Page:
My husband and I discussed this at great length last night and I thought it deserved a mention. So, I have endometriosis, I have known for around six years but have had it for about 12. I am honestly ok with it, I understand it, I get amazing support from my family and friends, but most of all I feel safe in the knowledge that I trust my consultant. I feel like whatever happens he will know what to do!
What makes me trust him? Why does this have such a profound effect on how I cope? I gave it a great deal of thought, especially as I am a Health Psychologist (and self confessed hypochondriac). Let me take you back to the day I was diagnosed, by a lovely kind lady consultant. Unfortunately she was a little taken aback by the amount of damage the endometriosis had done and she felt that I couldn't be operated on and explained I would struggle to have children. Being me, I immediately researched for a second opinion. The first meeting I had with my consultant changed everything. He was calm, he gave excellent eye contact, he didn't have a computer near him and he listened. It quickly became clear that he was a control freak, now this is exactly the quality that you want in a consultant. He wanted all explorations redone by him and his team. I underwent a long and uncomfortable recovery after the main operation but I made a full recovery and got pregnant with my son. I remember feeling so confident as I was wheeled down the corridor for the operation, I remember through the pain during the aftermath of the operation feeling positive that everything was well. Typically I don't trust and feel confident about things to do with Drs and operations, I am a suspicious Health Psychologist (googler of symptoms). However with my consultant I relinquish the need to try to control, and be suspicious and I just go with the flow. Not only is being in a relaxed trusting state better for my mental health, but it's so much better for my body. My body can recover and function much better.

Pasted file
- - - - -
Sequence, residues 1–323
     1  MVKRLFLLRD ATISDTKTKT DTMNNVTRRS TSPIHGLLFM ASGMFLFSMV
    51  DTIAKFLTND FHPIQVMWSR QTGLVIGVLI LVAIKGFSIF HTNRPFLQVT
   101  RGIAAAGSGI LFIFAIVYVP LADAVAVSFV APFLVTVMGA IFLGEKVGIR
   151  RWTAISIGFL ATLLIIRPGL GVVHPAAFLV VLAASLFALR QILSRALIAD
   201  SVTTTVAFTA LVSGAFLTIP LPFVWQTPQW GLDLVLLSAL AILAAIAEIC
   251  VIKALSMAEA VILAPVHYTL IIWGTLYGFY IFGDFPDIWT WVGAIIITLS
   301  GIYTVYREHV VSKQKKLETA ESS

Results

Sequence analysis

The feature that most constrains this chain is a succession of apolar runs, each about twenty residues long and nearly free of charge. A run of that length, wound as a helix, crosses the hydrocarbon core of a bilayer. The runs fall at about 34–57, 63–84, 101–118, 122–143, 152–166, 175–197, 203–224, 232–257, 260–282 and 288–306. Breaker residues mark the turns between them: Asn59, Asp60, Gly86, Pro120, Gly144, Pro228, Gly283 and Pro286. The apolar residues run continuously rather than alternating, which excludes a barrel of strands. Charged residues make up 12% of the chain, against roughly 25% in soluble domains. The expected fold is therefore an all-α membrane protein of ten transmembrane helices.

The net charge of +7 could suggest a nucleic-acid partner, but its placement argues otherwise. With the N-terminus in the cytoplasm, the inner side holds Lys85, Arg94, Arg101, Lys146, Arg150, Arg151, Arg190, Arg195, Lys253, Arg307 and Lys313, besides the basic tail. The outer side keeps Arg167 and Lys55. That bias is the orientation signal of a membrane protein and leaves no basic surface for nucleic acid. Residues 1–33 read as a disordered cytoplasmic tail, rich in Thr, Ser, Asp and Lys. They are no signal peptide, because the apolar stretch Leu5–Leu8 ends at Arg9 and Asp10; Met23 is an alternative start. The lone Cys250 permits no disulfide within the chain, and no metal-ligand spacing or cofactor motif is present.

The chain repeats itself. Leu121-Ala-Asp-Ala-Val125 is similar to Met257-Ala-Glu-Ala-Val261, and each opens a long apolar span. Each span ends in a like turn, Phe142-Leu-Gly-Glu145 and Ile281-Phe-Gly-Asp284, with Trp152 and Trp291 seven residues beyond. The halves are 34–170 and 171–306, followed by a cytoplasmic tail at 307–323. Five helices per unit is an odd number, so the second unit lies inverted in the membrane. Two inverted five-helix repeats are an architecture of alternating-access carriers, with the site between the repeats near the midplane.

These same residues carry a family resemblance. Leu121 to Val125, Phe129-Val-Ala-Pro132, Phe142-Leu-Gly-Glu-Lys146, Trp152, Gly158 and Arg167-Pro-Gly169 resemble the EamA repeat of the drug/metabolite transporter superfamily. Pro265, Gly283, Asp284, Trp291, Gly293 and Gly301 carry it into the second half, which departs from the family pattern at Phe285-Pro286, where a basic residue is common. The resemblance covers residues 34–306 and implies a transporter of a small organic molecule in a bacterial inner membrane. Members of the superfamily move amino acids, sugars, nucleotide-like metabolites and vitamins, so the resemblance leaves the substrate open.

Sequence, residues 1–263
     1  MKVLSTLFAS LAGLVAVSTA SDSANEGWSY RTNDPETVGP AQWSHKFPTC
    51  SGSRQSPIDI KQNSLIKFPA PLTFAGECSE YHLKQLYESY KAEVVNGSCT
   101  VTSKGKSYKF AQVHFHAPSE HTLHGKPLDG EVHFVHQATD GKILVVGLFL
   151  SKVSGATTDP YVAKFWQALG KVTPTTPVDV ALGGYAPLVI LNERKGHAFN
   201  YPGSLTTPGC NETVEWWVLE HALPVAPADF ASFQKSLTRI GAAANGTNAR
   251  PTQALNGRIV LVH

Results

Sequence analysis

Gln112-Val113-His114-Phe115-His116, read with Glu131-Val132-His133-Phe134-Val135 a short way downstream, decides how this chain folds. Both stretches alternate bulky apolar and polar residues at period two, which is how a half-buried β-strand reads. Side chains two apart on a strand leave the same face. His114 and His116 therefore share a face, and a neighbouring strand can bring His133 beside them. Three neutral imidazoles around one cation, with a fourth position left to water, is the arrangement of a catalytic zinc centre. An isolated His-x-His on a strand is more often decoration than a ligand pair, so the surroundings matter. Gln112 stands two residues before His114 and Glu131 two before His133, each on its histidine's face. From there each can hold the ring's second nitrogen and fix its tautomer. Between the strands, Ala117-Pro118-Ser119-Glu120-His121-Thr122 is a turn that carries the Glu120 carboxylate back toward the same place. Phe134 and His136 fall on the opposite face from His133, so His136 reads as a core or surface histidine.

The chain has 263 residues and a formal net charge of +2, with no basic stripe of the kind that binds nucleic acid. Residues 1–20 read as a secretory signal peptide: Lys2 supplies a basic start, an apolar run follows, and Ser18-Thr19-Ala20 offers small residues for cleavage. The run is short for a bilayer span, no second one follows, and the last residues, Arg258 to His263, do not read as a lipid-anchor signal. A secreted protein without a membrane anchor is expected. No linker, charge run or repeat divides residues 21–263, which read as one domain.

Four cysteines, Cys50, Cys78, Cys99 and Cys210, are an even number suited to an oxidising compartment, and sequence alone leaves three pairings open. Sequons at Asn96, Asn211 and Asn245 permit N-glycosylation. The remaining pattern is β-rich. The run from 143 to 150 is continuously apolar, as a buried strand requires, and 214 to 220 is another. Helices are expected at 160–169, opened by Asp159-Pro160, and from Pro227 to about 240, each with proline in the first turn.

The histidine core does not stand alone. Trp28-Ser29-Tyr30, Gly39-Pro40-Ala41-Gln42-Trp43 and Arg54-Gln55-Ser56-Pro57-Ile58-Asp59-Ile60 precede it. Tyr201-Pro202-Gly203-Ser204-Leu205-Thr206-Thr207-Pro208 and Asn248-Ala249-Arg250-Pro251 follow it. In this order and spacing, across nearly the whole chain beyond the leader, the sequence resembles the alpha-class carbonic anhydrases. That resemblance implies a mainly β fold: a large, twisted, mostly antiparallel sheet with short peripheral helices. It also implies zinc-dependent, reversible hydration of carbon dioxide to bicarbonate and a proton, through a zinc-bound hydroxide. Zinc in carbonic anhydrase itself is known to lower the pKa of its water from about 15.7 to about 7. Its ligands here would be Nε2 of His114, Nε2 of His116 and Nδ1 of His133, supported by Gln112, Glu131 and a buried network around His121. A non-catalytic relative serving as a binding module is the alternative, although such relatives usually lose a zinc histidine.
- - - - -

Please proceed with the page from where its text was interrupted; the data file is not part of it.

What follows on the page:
So, I found myself back in his waiting room this week, a little concerned to be back sooner than I hoped. He shock my hand as I went in, he listened and I mean he really listened. We discussed my concerns and he wanted to know about my life and interests. He reassured me and didn't rush me. He often gets criticised for running late, but I don't think that's a bad thing, NHS or private patients, he takes his time equally. He prides himself on his attention to detail and that he came from a poor background and succeeded. You can tell he wants to get the full picture with his patients and he wants them to know about him too. He never types on a keyboard and he certainly doesn't look stressed and hurried. All of his patients look calm and that's really saying something. You don't come away thinking that you have a fight on your hands, that this is a battle of the body. You feel at ease, as though it's just an experience, you can almost just accept it all as it is. The combination of excellent people skills, honesty, integrity and attention to detail leave me feeling safe. He even told me that he practices mindfulness, well he certainly couldn't rate any higher in my book just now.
We can all be a little more compassionate at work, with people around us, it makes life so much better. Compassion is catching, when you radiate it, it generally comes back to you. Its the compassion that can make all the difference. Life is richer with kindness.